Wine Glossary: A to C

A

Acidification — Addition of acid, such as tartaric acid added during fermentation. Often required in hot climates where grapes tend to over-ripen, become deficient in acidity, and lose their freshness.

Acidity —Amount and kind of acid(s) in a wine including tartaric, malic, citric and lactic. The right balance of acids gives wines their vigor, balance, and longevity. Over acidity creates a sour or sharp taste; too little creates a flat, featureless wine. (See tannin)

Aftertaste — The flavor that lingers in your mouth after you swallow the wine. (see Finish, Length).

Aging —Process of allowing wines to become enriched with desirable flavors, aromas, body, texture, and length.

Appearance — The look of the wine, its clarity and color.

Aroma — The scent of wine, consisting of the smells that have references to similar fragrances such as flowers, foods, or many other organic substances. (See Bouquet)

Astringent — Containing harsh tannins; rough, puckery.

Austere — A flavor that is too “robust,” too dry, and/or difficult to comprehend.

B

Barrel or Cask — Most wines are at least partially aged in oak barrels. (See aging)

Balance — A harmony of components where no single element dominates. The proportions of a wine’s key characteristics, such as sweetness, type of aroma, acidity, tannin and alcoholic content.

Body or Backbone— The effect or “weight” of a wine on the palate; its alcoholic strength and amount of extract, a range express as  from light-bodied to meaty or full-bodied.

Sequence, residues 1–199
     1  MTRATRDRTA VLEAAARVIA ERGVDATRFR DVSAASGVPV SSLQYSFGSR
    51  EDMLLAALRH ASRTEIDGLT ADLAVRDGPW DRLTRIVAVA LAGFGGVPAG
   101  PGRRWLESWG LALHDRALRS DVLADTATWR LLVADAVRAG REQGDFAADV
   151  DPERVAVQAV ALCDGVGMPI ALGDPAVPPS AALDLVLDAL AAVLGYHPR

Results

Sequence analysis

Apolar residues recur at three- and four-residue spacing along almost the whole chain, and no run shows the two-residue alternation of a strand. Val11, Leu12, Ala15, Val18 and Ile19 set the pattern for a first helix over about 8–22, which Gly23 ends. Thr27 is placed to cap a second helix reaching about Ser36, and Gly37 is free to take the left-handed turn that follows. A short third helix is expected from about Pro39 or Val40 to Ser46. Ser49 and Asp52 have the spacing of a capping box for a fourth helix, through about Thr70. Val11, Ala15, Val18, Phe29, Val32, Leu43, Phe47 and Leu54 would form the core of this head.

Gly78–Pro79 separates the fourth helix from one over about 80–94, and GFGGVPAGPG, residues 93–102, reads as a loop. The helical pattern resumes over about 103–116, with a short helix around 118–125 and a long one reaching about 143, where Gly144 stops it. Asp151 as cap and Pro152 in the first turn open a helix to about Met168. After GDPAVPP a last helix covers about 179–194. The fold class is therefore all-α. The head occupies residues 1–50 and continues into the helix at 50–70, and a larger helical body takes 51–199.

Bouquet —A richer, more complex fragrance or aroma, especially emanating from poured bottled wines.

Briary — An aggressive, prickly taste; peppery.

Buttery — Rich, creamy flavor associated with barrel fermentation

C

Cask — See Barrel.

Chaptalization — Addition of sugar during fermentation to increase a wine’s alcoholic content.

Character — Describes distinct attributes of a wine

Chewy— Wine that has a very deep, textured and mouth-filling sensation

Clarity — Clear and brilliant as opposed to cloudy or hazy

Clean — Wine without disagreeable aromas or tastes

Closed—Wine that needs to open up; aging and/or decanting can help

Close-In — Not having favorable characteristic; also known as “dumb.”

Complexity — The “elegance” of a wine; the quality of fine wine that is distinguished by the many layers of flavors and other components.

Cooked—Wine that has been exposed to excessively high temperatures; spoiled

Corky — Contamination of wine caused by a cork containing undesirable mold spores that produces a musty odor.

Crisp — A favorable fresh flavor, usually due to well-balanced acidity.